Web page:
Sometimes, late at night, I would think about the people I had known, the many brilliant boys, Black boys and Brown boys with infinite potential.
And then, when enough time had passed in my twenties, I began seeing the consequences life handed out like verdicts. Trevor, convicted at 26 as a drug-dealer, out on probation, convicted again. Saleem, early 20s, convicted for recklessly driving and killing his young passenger. Shilton didn’t make it past 17, his death the result of a car chase with the police. Omari, I never heard from, never saw again, and in our world that was usually not a good thing.
It troubled me every night, late at night, because these were once my friends and this was my world. It is the thought of how many Black boys and Brown boys I had known who could have been so many other things in life, could have achieved so much greatness, could have reached a fraction of their potential, except they slipped up. And when you were a person of color, slipping up could be fatal.I had been inspired by Richard, and it was only right to pay homage.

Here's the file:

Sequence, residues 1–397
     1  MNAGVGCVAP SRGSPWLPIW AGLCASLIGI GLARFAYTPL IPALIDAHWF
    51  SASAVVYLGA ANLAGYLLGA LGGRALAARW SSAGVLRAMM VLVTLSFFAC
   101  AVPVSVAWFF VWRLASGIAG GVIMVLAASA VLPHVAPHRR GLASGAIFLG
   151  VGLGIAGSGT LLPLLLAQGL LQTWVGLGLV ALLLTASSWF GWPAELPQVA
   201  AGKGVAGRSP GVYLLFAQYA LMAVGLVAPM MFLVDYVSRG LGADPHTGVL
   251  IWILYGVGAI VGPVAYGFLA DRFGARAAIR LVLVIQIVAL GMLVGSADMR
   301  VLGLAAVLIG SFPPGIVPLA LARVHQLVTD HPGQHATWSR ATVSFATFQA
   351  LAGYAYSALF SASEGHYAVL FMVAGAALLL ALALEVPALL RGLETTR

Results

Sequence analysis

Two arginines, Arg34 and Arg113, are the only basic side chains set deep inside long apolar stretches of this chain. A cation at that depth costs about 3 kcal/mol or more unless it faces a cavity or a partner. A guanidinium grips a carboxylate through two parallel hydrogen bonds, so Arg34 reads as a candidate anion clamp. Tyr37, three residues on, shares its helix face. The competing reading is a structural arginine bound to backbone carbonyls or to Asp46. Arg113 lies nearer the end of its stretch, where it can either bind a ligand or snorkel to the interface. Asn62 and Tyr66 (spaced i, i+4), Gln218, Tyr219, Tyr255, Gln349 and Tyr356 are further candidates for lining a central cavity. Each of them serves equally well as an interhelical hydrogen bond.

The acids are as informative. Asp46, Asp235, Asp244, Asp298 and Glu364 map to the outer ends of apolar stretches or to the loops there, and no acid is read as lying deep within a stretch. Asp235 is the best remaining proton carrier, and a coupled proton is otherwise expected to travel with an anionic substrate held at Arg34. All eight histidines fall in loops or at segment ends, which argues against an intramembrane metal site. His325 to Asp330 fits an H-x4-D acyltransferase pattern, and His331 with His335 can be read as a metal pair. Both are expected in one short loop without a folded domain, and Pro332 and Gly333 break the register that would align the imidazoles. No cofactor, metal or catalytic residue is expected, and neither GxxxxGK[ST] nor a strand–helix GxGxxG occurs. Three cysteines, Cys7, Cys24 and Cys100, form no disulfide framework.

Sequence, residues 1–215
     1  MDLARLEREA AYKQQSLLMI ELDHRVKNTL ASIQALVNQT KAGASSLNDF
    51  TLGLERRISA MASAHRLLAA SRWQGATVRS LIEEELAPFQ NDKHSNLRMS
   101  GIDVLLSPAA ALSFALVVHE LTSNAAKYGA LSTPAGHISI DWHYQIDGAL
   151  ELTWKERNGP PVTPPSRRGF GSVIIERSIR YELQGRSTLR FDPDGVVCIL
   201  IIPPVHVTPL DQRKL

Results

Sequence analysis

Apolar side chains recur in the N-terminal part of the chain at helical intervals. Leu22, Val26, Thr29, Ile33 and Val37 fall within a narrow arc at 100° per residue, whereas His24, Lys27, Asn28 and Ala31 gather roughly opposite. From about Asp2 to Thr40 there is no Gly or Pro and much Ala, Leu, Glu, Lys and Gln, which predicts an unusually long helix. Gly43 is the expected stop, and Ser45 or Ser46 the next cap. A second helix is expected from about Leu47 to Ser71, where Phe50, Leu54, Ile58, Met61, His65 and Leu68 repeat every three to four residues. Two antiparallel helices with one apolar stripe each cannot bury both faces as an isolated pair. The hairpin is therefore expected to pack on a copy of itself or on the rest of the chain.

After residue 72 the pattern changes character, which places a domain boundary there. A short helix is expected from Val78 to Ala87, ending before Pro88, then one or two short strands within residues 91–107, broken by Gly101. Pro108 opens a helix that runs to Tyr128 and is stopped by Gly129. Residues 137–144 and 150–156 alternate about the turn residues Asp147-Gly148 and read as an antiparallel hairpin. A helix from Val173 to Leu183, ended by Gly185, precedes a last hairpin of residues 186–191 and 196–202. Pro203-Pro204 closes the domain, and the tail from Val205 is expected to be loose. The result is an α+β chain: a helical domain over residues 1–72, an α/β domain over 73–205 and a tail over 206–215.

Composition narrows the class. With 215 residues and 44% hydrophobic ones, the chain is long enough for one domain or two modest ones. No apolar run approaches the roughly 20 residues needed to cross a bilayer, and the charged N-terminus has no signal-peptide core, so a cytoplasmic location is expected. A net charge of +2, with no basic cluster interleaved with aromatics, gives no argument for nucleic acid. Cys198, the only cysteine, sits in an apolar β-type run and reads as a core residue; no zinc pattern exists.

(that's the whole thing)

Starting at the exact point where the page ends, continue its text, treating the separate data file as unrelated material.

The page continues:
This was a truth that would make itself apparent later: that even if we had made it out, we had still been set up to fail.
I decided to write a memoir after the second most pivotal moment of my life.
The first had been 9/11.
The second was 11/9.
My life has existed between these two poles.
9/11 had been a shattering of hope and life, an act of terror and violence, in which all Muslims would be collectively guilted and collectively punished.
11/9 had been a shattering of faith in the future, a revenge of history, a wrecking ball to the entire project of progress. On the night of 11/9, a group of us had gathered in my apartment to watch a joker lose; what we didn’t know was that the joke would be on us.
It was a historic irony that these two inverse dates would have such cataclysmic effects on America and the world.
In one of his loudest pronouncements, President Trump promised to ban Muslims. “A total and complete shutdown of Muslims,” he said. One could replace “Muslim” with “Jew” or “Black” or “Chinese” and see that this was not a new promise but the return of something very old.